Memorial Pet Portraits from your Photos
by Emma Kaufmann
When you lose a pet you can feel overwhelmed with emptiness. There is that aching feeling at the center of your days. Something is missing – some essential part of you. For a long time you feel that loss. Sometimes it is hard for your friends to understand that a pet you loved so much is gone and that is why you feel lost without your pet companion.
I have talked to those who have lost a pet and know that they feel very alone with their grief. I tell them they need to reach out to friends and family – people who understand and will listen to them in their time of crisis.
I also tell people to surround themselves with laughter. Yes, this might seem odd to you if you have just lost a pet, but finding ways to laugh at yourself and to surround yourself with positive, funny people is one way to move forward from your loss. Laughter is the best medicine.
It is also important to accept that there has been a major tragedy in your life. Sometimes, you will need to sit quietly with your memories of your pet and let yourself feel your loss, really feel it. For it is only by connecting with our deepest inner selves that we can begin to heal.
At some point down the line, you will be ready to move on, step by step. At some point, you will be ready to move forward.
How can you get from that place, a place of sorrow and hopelessness, back to a sense of being back in the swing of life?
For some people, commissioning a beautiful tribute to their pet is a useful tool in the grieving process. You might want to consider commissioning a portrait of your pet that will light up your room the way your pet used to. That empty place inside your heart does not have to stay empty. In my experience with people who have lost pets, sometimes having a portrait made can be the first step towards healing a broken heart.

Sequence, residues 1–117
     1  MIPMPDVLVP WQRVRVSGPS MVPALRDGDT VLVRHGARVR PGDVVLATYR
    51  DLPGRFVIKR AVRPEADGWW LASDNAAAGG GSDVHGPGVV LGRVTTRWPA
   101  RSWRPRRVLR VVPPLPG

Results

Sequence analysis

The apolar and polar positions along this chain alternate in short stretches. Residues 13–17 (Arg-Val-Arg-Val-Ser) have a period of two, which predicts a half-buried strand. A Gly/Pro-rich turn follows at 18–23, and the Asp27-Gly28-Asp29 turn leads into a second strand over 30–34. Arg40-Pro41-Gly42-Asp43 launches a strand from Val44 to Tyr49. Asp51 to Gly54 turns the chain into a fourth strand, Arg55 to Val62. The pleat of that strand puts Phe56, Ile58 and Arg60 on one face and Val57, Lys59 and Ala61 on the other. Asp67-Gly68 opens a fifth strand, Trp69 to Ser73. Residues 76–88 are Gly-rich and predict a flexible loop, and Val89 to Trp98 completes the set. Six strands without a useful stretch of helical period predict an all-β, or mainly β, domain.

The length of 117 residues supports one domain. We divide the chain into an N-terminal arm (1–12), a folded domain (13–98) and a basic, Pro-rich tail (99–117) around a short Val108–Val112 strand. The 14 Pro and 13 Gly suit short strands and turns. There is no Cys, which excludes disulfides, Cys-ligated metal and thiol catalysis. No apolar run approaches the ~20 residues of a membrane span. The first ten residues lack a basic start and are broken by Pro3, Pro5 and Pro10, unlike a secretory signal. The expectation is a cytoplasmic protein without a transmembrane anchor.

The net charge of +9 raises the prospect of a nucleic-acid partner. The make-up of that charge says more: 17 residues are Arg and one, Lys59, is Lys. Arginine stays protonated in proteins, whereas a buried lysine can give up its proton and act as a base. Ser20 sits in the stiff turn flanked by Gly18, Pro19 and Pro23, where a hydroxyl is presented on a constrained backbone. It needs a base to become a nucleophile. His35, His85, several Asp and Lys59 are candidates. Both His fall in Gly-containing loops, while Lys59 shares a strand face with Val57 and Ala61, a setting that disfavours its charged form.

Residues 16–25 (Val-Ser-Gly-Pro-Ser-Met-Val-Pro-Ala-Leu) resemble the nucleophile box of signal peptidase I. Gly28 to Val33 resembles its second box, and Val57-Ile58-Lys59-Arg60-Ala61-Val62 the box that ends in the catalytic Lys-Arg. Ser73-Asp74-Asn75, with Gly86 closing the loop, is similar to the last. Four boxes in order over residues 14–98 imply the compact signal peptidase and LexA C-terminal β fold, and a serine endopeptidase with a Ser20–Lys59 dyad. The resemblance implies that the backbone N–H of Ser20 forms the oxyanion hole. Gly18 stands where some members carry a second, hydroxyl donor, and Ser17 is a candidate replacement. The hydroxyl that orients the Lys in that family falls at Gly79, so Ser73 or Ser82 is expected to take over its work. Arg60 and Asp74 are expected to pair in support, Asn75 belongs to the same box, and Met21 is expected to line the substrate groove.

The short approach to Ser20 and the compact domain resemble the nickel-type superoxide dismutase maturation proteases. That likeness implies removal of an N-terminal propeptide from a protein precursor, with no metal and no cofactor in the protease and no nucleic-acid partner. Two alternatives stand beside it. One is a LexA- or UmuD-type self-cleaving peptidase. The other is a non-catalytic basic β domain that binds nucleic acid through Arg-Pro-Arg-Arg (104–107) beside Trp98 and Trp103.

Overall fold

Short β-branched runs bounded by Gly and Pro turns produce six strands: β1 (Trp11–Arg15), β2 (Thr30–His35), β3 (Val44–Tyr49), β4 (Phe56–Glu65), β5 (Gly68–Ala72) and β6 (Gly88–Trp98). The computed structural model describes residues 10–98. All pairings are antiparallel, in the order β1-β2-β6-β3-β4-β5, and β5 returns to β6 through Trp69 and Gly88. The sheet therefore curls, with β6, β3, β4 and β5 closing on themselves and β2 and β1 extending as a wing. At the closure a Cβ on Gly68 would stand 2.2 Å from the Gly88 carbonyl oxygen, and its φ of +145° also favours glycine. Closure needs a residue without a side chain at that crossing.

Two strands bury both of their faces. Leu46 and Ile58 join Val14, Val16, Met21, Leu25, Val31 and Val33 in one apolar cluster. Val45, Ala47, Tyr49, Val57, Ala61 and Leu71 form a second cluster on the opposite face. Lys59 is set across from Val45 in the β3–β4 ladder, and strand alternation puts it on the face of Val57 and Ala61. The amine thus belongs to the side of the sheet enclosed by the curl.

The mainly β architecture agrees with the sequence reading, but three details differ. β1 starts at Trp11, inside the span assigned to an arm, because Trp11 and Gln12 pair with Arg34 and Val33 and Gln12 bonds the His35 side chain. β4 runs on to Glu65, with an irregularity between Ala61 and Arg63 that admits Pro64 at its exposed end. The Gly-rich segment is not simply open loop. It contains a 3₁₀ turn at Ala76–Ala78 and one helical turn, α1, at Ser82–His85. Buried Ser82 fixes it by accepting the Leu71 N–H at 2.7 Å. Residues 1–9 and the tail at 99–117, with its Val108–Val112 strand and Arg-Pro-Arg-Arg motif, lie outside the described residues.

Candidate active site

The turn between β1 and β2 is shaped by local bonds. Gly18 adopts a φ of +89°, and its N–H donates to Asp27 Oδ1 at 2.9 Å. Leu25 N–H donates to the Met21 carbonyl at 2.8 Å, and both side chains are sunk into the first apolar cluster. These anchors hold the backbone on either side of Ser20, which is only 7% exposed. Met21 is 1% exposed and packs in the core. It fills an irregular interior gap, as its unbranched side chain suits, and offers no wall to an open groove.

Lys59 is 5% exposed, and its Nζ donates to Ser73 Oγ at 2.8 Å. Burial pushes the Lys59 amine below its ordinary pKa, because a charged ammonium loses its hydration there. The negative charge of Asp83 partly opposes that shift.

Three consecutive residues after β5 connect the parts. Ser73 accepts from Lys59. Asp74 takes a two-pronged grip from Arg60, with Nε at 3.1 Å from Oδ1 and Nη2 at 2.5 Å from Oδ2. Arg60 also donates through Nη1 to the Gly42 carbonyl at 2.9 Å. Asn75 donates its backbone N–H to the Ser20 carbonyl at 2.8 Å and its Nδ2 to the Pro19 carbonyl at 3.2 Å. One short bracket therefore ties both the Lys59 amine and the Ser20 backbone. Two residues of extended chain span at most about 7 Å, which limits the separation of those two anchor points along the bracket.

Some people come to me to commission a portrait because a painting can say more than a photo. They tell me about their pet, about all the quirky adventures they had together, and this helps me to really capture the character of their pet in either pastel or watercolor.
Other people come to me because they have a friend who is having difficulties getting over the death of a pet and know that the gift of a portrait of a beloved pet might cheer up their friend and make the healing process a little bit easier if she can look up at the wall, see the portrait and remember all the good times.
So how will you know when you are ready to move onto the next, less painful period of grief? You will know that some of the worst is over when you find yourself being able to focus on the silliness, laughter and love that your pet brought you. Maybe at that point one of my portraits will help keep that smile planted on your face every time they look up at their portrait on your wall.
I usually do portraits of pets on their own, but sometimes clients ask me to incorporate them or one of their children into the portrait. This is an example of such a human and pet portrait:
About the Author: Emma Kaufmann was born in London, England. She studied Art History and Art and spent many hours being classically trained, honing her skills in anatomy, life drawing and painting. She worked in PR and at art galleries until a meeting with Mr Right. Then Emma hopped the pond to Baltimore USA and got married, and has since birthed two children and acquired two guinea pigs.
Her passion for both animals and kids led to her becoming a portrait artist. She usually works from your photos but if you live in the vicinity she would love to come meet the subject (be it pet or child) in person in order to better capture his/her personality.
Emma loves to create portraits in pastel and watercolor. She can create a portrait of your child and your pet together – which is a unique gift for a loved one. She also works as a pet bereavement artist, creating wonderful memories of your cherished pet once he has crossed the Rainbow Bridge. Contact Emma to find out more about her Memorial Pet Portraits at email@example.com or visit her website.